Premium Tax Credits at Risk After Circuit Split
Two federal appeals courts issued conflicting rulings on a key provision of the Patient Protection and Affordable Care Act (PPACA) relating to the availability of premium tax credits and cost-sharing subsidies on the federally facilitated exchanges. First, the U.S. Court of Appeals for the D.C. Circuit, in Halbig v. Burwell, overturned this provision, stating that PPACA does not authorize the Internal Revenue Service (IRS) to provide premium tax credits and cost-sharing subsidies for insurance purchased on the federally facilitated exchanges (as the law does for insurance purchased on state-established exchanges). Shortly thereafter, the U.S. Court of Appeals for the Fourth Circuit, in King v. Burwell, upheld the same PPACA provision, stating that PPACA does authorize the IRS to provide premium tax credits and cost-sharing subsidies on federally facilitated exchanges. Parties in both cases plan to appeal the rulings, and the cases appear to be headed to the U.S. Supreme Court, particularly with the circuit split.
If the provision is struck down, there could be deep ramifications for PPACA. To begin with, individuals who purchase exchange coverage in states with federally facilitated exchanges would not be able to qualify for premium tax credits or cost-sharing subsidies. Thus, costs for those individuals would increase dramatically. Second, qualification for either a premium tax credit or a cost-sharing subsidy may trigger employer mandate penalties. Without premium tax credits and cost-sharing subsidies, the employer mandate may be rendered ineffective. Other PPACA provisions also rely on the provision, and if it is struck down, PPACA itself may be seriously threatened.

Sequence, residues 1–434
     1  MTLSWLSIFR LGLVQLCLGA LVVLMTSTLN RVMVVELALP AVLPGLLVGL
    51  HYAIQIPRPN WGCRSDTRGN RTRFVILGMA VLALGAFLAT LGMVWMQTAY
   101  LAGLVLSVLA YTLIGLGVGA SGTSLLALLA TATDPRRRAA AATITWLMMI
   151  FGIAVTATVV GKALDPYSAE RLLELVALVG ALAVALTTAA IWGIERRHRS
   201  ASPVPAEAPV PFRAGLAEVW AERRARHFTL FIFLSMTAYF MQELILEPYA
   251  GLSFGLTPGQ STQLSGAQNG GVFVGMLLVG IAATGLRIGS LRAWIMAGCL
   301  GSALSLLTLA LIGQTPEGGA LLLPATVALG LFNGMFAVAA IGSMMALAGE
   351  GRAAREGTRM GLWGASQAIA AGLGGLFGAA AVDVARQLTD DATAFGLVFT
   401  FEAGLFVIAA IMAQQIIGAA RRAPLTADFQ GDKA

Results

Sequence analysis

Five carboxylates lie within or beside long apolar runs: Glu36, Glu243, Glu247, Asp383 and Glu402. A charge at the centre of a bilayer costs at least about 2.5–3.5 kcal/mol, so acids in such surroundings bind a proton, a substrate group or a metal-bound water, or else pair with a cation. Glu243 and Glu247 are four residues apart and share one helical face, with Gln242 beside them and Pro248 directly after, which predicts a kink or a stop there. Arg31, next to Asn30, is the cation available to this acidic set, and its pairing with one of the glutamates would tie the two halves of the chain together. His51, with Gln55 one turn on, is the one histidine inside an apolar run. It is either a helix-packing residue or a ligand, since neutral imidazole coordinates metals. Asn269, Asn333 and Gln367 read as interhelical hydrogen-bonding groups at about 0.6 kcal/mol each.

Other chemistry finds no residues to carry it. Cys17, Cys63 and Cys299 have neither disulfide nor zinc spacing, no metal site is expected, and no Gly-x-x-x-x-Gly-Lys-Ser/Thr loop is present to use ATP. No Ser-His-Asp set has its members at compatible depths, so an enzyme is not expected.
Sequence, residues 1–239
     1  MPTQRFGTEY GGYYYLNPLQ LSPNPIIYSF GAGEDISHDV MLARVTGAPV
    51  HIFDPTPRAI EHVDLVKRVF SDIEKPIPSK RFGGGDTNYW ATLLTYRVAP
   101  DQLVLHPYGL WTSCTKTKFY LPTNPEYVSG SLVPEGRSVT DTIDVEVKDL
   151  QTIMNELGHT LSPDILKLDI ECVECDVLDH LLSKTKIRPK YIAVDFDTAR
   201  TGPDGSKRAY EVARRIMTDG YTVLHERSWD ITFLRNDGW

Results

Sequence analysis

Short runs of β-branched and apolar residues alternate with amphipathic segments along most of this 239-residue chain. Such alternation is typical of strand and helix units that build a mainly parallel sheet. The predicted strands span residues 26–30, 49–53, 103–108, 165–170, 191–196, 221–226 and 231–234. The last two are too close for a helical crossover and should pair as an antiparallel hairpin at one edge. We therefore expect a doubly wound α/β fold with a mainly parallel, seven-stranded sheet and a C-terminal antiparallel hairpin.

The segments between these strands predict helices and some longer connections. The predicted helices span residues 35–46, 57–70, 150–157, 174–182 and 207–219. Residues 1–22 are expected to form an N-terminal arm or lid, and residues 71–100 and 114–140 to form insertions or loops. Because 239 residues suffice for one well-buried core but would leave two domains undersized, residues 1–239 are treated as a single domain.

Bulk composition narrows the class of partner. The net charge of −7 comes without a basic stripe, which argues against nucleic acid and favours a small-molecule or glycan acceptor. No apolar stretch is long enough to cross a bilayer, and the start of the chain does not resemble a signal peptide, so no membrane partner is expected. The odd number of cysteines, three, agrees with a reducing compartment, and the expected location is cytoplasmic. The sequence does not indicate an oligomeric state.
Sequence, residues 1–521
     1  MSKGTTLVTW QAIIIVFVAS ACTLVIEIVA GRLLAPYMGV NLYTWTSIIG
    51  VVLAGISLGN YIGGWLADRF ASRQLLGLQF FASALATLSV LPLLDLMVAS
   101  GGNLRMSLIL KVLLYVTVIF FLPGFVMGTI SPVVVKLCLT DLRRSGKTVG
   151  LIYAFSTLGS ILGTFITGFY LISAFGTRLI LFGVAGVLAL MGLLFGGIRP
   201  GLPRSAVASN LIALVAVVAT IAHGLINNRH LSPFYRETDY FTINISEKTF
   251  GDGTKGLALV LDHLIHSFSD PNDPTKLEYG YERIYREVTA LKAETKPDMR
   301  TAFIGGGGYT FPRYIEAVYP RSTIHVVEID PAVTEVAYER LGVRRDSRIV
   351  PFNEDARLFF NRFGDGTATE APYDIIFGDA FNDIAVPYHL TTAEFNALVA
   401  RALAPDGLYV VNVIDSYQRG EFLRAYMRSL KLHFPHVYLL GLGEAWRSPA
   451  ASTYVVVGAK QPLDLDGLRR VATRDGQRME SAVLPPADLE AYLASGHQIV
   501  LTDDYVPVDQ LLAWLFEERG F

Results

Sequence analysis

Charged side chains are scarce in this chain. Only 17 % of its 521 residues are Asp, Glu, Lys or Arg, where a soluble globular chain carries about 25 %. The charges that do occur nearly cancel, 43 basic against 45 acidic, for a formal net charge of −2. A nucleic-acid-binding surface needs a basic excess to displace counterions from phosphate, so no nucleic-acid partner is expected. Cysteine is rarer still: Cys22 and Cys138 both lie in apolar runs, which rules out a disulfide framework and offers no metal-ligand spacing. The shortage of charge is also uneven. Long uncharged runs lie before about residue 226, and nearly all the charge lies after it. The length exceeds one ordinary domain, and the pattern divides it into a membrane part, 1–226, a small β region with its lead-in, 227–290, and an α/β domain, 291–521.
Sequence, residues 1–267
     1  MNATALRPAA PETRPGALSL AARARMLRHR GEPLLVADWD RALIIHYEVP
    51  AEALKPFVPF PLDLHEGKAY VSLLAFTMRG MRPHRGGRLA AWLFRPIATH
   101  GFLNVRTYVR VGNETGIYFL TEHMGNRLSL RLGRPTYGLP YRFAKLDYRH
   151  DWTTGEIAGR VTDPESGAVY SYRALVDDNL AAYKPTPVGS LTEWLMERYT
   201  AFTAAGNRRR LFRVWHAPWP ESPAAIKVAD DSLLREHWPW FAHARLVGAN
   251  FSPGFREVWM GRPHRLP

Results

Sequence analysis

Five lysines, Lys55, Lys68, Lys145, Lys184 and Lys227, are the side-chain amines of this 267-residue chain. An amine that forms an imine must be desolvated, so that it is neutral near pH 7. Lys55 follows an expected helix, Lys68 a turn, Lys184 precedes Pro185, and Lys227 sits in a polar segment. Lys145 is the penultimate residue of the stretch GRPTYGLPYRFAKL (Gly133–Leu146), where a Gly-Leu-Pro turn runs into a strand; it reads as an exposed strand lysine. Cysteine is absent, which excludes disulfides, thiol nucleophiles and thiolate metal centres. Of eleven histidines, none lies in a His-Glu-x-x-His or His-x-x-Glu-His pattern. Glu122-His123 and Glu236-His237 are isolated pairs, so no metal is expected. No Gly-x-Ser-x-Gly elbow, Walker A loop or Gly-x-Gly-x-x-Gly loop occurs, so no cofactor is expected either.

While the eventual ramifications may drastically alter PPACA’s future, today’s rulings do not immediately change anything regarding the distribution of premium tax credits and cost-sharing subsidies, the operation of the federally facilitated exchanges or enforcement of the employer mandate. Employers should continue their efforts to comply with the employer mandate by the appropriate effective date (Jan. 1, 2015, unless the employer qualifies for a delayed effective date), as well as other PPACA obligations. NFP Benefits Compliance will continue to monitor developments on this issue.